Being in Association

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 Being in Association

by Rev. Peter Connolly

Presented at the Unitarian Universalist Church of Bowling Green, KY, October 18, 2009.
If you got the local paper, The Daily News, on Friday, you may have seen the article in the “Faith and Values” section that addressed the processes by which churches call ministers. Three churches were featured, the Taylor Chapel Community African Methodist Episcopal Church, the Center Baptist Church of South Union and our church.

The differences in the methods of calling ministers provided a study in contrasts. “The African Methodist Episcopal Church is sectioned by districts and in each district is a set of conferences… headed by a presiding bishop.” The bishop has the duty and responsibility of appointing the minister to each church in his jurisdiction.

At the Center Baptist Church, the congregation chooses, but the spokesman interviewed by the Daily News stated that “We knew going in that God had pre-destined who was coming” to be their pastor.

It’s hard to imagine anyone in this congregation taking that stand, though, we, too, relied on a congregational vote.Our church system does not partake of a centralized bureaucratic structure. There is no bishop or episcopate or body of deacons to preside over the variety of our churches, societies and fellowships.

Still, the Unitarian Universalist Church of Bowling Green was able to initiate a national search when they decided to call a minister. You—and I—relied on a centralized system of posting and retrieving information, the website maintained by the Transitions Office (formerly the Settlement Office) of the Unitarian Universalist Association of Congregations.

The packet that the Ministerial Search Committee worked so hard to prepare would not have been of much use if there was not a place for it to be posted to be seen by prospective candidates. My search for a church to serve would not have had much legs if I had to rely on word-of-mouth or local postings in the Boston area. I relied on the work of the Rev. John Weston and his assistant Emily Schwab in the Transitions Office for advice as well as direction.

This search made use, too, of the office of the President of the Heartland District, the Rev. Dr. Nana’ Kratochvil in Michigan and the Acting District Executive, the Rev. Nancy Combs-Morgan, as well as the compensation consultant.

All this is to say that, though we are an independent church in the Unitarian Universalist tradition, we are dependent upon a larger network from which to derive wisdom, experience, advice and guidance. We can’t function very well alone, and we are not wise to forgo the resources available to us by being in association.

Today is the third annual incarnation of “Association Sunday.” It was instituted in 2007 by the UUA in order to lift up certain programs and themes sponsored by the larger association for the benefit of the member congregations.

The theme of the first Association Sunday was “Grow Our Faith.” The goal that year was to increase awareness of Unitarian Universalism through a national campaign. I found it odd and at the same time inspiring to see full-page ads for our association of congregations in Time magazine.

It turned out to be a somewhat controversial program. Some thought it inappropriate for a religious body to be placing advertisements in a magazine at all; some thought that by choosing such a mainstream middle-class vehicle we continue to try to build our movement through the same middle class homogeneity that keeps us narrow.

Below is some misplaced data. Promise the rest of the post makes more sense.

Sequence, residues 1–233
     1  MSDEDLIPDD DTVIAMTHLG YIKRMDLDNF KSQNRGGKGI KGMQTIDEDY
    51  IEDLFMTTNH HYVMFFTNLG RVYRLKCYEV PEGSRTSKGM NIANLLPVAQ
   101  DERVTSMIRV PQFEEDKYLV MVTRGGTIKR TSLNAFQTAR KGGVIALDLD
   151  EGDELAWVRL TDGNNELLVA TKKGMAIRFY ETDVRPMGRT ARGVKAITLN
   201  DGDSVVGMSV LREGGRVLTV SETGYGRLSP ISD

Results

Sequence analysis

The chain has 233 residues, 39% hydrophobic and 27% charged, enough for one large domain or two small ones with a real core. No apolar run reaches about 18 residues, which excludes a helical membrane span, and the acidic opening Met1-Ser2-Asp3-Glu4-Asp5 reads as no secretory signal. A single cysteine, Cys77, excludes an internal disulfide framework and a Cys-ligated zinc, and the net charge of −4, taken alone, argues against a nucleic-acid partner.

About half of the funds collected were used in this national awareness campaign. But one-quarter of the funds raised were used to support the Diversity of Ministry Initiative. Another quarter of the funds was sent to the districts to assist projects of the various congregations they represent.

The theme in 2008 was “Growing Our Spirit.” Specific initiatives were chosen based on a survey of UU leaders—over 1,800 responded. Fifty per cent of the funds raised were used to support Lay Theological Education programs. Congregations, districts and seminaries had the opportunity to apply for grants to create programs which focused on spiritual and theological deepening.

Fifty per cent of the funds raised were divided among the Excellency in Ministry programs, including initiatives established by the Unitarian Universalist Ministers Association for continuing education programs for ordained leaders through the so-called “CENTER” programs. The rest of the funds raised were divided equally between scholarships for students in candidate status and for the Diversity of Ministry Team’s Initiative to support our ministers of color.

The theme of this Association Sunday is “Growing Our Diversity.” In a recent issue of the UU World, there was reference made to a conversation between a UU youth of color and his parents. He said that he loved being part of the UU church he attended, but he was thinking of discontinuing his participation because he was “tired of being the only Black kid” in the group.

I can imagine that this is a challenge met by our young persons of color throughout the association, as they feel so under-represented. This year’s theme aims to expand the curriculum called “Building the World We Dream About,” to support congregations who are working to create a Unitarian Universalism that is racially, culturally, and economically diverse; and providing congregations and districts to minister effectively to youth and young adults who identify as people of color or multiracial in the areas of spiritual development, racial and cultural identity development and leadership development.

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